Valuable ecosystem components (VECs) are components of the environment that are identified as being important and valuable and that are given detailed consideration in the EIA process. The importance of the VECs may be determined on the basis of cultural values or scientific concern. For NovaGold, determining the future integrity of each VEC over the life of the mine was crucial in designing initiatives that would lessen environmental impacts. The VECs were identified through a comprehensive consultation with the Tahltan Nation, federal and provincial governments and other interested parties. In this EIA, the identified VECs can be classified as physical and biological components.

Physical Impacts

Concerning the potential impacts of the mine project on the physical components of the area’s environment, sediment quality, climate, air quality and noise were identified as VECs. 

Sediment Quality


Air Quality


Sediment Quality

The quality of the sediments refers to the physical and chemical nature of the upper sediment layers of aquatic systems in relation to the sensitivities of aquatic organisms found in these areas. Environment Canada specifically requested that sediment quality be characterized as an independent VEC for this project, and Sediment quality studies are part of the federal Metal Mining Effluent Regulations program. Previous studies have shown that the area already possesses highly mineralized soils rich in arsenic, chromium, copper, nickel and vanadium, among others.


The following activities are predicted to have potential impacts on the quality of sediments:

         Controlled discharges:

o       Scheduled release of effluent from the tailings storage facility or the filter plant

o       Release of diversion channel waters

         Accidental Discharges:

o        Accidental release of effluent or diversion waters due to avalanche or dam failure

o       Spills at the mine site (fuels, ammonium nitrate and fuel oil, and process chemicals)

o       Spills at the Porcupine aerodrome and More heliport (fuel, de-icing fluid)

o       Spills at the filter plant (concentrate, surfactants, flocculants, acids)

o       Spills along the access corridor (concentrate or diesel fuel)

         Siltation during construction and transport


Controlled Discharge:

During the scheduled releases from the tailings storage facility, the effluents discharged will be comprised of water (containing various chemicals and metals) as well as unsettled tailing fines. The discharge schedule was organized to give an adequate dilution of effluent with the diversion channel flows. Also, the tailings impoundment acts as a settling pond so that total suspended solids (TSS) in the effluent will conform to the levels of the government’s Metal Mining Effluent Regulations.

In the filter plant, the dewatering of the ores will be taking place. The potential effects to sediment quality by the release of effluents from the filter plant are predicted to occur in the first seven meters downstream of the diffuser in the Iskut River. Overall, loading of metals to sediment will be minor considering the small increase in water concentrations of metals and the naturally high metal concentrations already present in the Iskut River sediments.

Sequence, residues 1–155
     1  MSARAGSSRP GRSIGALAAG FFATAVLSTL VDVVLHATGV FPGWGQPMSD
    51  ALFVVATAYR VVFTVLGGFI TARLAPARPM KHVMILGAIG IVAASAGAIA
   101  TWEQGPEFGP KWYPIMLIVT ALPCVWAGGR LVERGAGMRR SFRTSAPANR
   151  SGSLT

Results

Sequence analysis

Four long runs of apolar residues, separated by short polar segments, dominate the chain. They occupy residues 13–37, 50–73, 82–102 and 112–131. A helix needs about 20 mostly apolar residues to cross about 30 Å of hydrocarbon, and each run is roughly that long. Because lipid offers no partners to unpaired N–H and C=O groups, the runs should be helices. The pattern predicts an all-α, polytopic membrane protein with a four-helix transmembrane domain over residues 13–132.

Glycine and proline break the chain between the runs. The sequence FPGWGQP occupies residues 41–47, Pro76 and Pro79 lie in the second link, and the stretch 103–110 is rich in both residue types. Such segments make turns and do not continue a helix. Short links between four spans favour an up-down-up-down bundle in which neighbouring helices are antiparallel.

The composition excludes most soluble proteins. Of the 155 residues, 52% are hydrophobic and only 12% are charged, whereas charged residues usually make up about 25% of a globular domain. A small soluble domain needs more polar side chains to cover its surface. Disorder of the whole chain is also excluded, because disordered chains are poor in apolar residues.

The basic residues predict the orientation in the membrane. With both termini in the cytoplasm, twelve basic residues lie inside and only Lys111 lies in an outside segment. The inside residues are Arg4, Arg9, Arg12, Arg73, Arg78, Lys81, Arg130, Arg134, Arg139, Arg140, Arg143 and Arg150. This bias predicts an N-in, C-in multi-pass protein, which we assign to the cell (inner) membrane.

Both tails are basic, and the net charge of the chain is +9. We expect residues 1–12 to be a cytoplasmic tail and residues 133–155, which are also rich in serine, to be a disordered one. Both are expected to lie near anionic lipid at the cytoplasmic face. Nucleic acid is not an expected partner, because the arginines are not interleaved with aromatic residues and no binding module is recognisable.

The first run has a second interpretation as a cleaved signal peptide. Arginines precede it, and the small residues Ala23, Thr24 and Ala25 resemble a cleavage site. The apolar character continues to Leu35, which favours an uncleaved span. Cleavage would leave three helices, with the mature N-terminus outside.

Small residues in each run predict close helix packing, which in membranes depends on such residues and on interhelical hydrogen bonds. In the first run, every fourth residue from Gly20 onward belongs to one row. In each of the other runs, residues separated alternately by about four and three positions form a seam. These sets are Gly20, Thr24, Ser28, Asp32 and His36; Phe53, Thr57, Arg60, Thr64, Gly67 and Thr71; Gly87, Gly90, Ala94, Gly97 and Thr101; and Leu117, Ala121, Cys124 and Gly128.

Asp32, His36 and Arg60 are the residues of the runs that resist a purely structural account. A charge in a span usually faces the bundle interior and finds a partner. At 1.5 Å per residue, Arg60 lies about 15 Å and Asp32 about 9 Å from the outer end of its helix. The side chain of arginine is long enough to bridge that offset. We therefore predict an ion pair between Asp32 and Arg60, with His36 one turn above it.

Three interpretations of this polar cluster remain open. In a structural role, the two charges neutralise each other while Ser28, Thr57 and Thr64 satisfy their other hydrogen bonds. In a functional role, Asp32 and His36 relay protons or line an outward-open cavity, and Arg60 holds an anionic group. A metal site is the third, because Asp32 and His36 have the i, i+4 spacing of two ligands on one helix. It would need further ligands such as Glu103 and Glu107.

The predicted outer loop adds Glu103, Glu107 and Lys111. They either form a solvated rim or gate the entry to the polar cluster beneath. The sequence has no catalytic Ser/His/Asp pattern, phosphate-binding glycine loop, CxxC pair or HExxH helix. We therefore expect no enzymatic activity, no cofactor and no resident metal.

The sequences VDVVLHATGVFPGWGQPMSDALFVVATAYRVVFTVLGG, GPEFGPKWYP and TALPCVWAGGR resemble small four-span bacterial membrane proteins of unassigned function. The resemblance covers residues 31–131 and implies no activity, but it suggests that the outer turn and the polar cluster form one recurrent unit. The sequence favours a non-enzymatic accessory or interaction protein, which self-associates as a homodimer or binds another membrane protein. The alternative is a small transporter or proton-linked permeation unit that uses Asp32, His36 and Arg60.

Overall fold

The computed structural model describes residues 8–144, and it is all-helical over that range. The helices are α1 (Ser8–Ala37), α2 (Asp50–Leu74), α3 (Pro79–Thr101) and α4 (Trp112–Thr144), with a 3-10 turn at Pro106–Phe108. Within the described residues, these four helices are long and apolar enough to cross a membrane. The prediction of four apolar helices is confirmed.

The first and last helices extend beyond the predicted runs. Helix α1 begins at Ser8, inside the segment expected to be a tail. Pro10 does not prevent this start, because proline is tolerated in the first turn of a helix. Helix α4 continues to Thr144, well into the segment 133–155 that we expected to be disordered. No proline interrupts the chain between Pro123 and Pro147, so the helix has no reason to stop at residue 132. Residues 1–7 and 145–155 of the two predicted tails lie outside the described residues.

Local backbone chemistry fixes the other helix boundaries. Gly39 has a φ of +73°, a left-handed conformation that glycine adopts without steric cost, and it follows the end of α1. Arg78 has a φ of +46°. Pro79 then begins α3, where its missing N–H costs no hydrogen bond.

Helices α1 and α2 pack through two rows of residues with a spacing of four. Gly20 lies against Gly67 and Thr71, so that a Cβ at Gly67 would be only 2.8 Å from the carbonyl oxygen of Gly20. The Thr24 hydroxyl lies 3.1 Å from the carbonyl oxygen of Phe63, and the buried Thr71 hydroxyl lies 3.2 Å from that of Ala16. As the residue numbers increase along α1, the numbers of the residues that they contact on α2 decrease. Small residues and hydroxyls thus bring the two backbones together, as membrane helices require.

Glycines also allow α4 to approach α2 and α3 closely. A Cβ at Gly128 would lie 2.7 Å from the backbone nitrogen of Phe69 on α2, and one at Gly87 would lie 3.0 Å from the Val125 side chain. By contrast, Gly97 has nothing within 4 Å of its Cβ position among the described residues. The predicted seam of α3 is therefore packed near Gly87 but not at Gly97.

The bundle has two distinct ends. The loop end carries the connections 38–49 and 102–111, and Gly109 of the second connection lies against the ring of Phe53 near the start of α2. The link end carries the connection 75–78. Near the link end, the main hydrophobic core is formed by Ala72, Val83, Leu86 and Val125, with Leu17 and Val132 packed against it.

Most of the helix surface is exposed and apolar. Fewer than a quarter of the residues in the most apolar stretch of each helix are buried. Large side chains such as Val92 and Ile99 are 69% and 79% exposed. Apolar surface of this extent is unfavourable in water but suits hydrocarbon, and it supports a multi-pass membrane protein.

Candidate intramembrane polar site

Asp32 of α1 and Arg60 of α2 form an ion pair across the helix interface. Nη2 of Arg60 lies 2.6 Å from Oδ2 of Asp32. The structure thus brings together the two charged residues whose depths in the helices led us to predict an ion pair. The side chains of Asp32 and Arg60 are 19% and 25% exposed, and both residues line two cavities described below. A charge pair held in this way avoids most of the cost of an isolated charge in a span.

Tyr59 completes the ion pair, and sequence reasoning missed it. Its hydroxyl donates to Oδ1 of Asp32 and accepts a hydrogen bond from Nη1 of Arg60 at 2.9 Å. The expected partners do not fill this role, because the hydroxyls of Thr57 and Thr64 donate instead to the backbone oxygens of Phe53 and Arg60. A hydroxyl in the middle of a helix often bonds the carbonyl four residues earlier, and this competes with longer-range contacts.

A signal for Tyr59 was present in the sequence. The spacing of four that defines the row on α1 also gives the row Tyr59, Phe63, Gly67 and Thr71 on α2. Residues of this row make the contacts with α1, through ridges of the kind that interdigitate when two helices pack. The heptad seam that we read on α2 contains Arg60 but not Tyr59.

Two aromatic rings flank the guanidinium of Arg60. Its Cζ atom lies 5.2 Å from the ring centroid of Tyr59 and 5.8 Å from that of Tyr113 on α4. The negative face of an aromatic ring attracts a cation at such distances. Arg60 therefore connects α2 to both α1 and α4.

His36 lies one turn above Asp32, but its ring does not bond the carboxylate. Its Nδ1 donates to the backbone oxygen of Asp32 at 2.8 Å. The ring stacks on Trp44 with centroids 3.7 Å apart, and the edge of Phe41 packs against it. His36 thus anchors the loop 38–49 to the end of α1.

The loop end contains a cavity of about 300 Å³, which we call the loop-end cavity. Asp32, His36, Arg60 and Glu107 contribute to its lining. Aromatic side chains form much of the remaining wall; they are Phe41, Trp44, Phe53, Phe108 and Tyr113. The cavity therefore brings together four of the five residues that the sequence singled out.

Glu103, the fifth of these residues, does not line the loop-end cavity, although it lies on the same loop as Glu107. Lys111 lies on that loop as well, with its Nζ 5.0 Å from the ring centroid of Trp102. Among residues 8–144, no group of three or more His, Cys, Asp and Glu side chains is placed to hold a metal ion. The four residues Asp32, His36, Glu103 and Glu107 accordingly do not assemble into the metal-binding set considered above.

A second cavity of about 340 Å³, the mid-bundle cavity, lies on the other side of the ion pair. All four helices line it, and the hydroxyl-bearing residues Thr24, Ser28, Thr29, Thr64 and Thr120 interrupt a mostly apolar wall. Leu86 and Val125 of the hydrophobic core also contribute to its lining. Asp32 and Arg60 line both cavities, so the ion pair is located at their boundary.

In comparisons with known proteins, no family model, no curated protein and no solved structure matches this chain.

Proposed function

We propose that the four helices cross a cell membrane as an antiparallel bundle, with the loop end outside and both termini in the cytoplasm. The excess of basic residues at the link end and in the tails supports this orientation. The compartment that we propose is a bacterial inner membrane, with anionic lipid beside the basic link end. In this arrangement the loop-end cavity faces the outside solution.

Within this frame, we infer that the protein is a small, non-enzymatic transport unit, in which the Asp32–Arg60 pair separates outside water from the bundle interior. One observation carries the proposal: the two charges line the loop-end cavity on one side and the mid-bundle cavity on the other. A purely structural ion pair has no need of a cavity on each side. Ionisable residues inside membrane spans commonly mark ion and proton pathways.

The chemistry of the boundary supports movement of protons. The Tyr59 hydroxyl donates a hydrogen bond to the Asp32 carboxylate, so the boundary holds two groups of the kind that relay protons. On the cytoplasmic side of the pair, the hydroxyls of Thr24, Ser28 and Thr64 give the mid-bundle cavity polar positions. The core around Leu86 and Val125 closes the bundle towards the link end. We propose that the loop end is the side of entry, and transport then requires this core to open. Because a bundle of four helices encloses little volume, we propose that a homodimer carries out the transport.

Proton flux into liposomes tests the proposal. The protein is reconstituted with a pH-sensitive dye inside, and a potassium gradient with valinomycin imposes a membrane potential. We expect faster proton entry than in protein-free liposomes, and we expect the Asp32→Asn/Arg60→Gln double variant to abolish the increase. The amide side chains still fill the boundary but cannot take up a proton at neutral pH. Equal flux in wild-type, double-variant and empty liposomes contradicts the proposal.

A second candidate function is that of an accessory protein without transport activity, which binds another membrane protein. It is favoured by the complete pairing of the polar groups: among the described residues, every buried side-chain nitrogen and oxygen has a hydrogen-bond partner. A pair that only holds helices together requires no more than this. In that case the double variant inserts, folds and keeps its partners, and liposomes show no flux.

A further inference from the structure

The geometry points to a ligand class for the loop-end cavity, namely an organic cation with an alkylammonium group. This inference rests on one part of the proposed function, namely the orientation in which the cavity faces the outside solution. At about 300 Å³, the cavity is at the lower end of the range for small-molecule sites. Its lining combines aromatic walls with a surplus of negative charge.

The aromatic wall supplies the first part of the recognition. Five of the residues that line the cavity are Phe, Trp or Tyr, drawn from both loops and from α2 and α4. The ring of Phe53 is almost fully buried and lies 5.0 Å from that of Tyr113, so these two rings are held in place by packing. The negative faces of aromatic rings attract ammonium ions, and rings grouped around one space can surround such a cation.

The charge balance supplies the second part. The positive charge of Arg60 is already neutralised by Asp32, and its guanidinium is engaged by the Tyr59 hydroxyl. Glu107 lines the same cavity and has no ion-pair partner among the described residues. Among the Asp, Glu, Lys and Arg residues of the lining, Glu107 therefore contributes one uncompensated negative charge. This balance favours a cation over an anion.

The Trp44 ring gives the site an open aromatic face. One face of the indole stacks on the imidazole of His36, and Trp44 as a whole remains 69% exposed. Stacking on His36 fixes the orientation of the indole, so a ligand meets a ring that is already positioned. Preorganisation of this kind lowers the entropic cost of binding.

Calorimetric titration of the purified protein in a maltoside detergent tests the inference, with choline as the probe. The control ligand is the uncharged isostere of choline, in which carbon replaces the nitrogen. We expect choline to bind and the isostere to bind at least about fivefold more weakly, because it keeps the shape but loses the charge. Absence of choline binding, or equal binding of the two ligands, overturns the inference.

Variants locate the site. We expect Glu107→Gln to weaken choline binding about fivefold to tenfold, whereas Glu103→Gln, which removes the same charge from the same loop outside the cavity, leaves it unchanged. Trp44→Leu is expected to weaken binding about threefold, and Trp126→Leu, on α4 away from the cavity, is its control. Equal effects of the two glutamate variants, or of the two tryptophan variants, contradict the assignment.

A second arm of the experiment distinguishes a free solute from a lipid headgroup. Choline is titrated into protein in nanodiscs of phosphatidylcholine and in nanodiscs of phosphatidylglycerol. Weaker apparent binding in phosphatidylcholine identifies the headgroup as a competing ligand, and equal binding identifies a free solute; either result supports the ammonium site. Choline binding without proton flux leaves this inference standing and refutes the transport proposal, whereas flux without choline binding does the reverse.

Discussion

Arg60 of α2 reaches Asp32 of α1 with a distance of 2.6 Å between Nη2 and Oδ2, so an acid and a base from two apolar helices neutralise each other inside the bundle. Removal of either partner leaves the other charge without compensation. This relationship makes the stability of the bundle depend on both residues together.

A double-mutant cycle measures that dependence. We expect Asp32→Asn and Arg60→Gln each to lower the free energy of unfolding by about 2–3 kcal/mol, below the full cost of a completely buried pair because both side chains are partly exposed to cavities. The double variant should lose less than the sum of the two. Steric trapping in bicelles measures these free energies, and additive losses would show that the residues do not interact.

Accidental Discharges:

A dam breach at the tailings facility could have a significant long-lasting degradation of sediment quality in Galore Creek and Scud River. Large volumes of total suspended solids and metal-enriched effluent would be released.  In the case of a diesel pipeline rupture, significant amounts of fuel could be released in the environmental. Significant degradation of sediment quality could occur if a spill takes place near a waterbody, especially in wetlands and lakes where the water flow is minimal and the high quantity of sediments can absorb more contaminants.



During construction, there is a potential for increased total suspended solids in water due to erosion from disturbed terrain and dust from blasting.  Transport can also cause more dust that can settle in waterbodies and affect sediment quality.



         To decrease siltation:

        Construction of settling ponds

        Roads built away from wetlands and ponds

        Traffic speeds enforced

        Diesel and ore concentrate pipeline decrease truck traffic

         Develop and implement Sediment and Erosion Plans

         Detailed monitoring and management plans for areas of higher risk of erosion

         Revegetating slopes

         Sediment quality monitoring and follow-up has been planned


          The mine project could contribute to atmospheric greenhouse gas levels and reduce large scale carbon sink due to the necessary vegetative clearing. Diesel fuel and electricity are the two energy sources for the project. Diesel will be used for all mine vehicles (except two electric shovels and two electric drills). It will also be used for transporting mining supplies from Stewart to the mine site and ore concentrate from the filter plant to the port of Stewart. The mean annual diesel consumption of the mine has been estimated at 38.5 ML. Electricity will be used for all other demands and an averaged 80 megawatts is predicted to be used annually.  

Greenhouse gas emissions:
Direct GHG emissions are projected from diesel combustion and indirect emissions will come from the production of electricity. The estimated annual GHG emissions have been estimated at 121.3 kt CO2, which is lower than the rest of the metal ore mining industry.